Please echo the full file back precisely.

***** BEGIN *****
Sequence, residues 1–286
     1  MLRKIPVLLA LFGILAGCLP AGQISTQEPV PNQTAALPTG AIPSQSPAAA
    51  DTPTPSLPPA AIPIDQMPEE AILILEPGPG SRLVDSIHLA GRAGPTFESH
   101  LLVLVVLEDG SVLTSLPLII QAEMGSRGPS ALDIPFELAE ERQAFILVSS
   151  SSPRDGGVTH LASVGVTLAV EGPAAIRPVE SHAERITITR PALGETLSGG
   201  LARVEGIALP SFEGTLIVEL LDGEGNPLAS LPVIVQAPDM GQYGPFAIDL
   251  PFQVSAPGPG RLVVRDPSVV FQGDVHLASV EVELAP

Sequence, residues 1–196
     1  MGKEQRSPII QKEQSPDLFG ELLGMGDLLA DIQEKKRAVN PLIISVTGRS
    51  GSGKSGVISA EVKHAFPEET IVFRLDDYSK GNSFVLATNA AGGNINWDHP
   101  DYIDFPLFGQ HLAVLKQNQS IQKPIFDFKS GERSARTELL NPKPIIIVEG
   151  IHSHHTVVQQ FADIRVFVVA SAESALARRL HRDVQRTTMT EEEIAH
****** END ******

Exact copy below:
Sequence, residues 1–286
     1  MLRKIPVLLA LFGILAGCLP AGQISTQEPV PNQTAALPTG AIPSQSPAAA
    51  DTPTPSLPPA AIPIDQMPEE AILILEPGPG SRLVDSIHLA GRAGPTFESH
   101  LLVLVVLEDG SVLTSLPLII QAEMGSRGPS ALDIPFELAE ERQAFILVSS
   151  SSPRDGGVTH LASVGVTLAV EGPAAIRPVE SHAERITITR PALGETLSGG
   201  LARVEGIALP SFEGTLIVEL LDGEGNPLAS LPVIVQAPDM GQYGPFAIDL
   251  PFQVSAPGPG RLVVRDPSVV FQGDVHLASV EVELAP

Sequence, residues 1–196
     1  MGKEQRSPII QKEQSPDLFG ELLGMGDLLA DIQEKKRAVN PLIISVTGRS
    51  GSGKSGVISA EVKHAFPEET IVFRLDDYSK GNSFVLATNA AGGNINWDHP
   101  DYIDFPLFGQ HLAVLKQNQS IQKPIFDFKS GERSARTELL NPKPIIIVEG
   151  IHSHHTVVQQ FADIRVFVVA SAESALARRL HRDVQRTTMT EEEIAH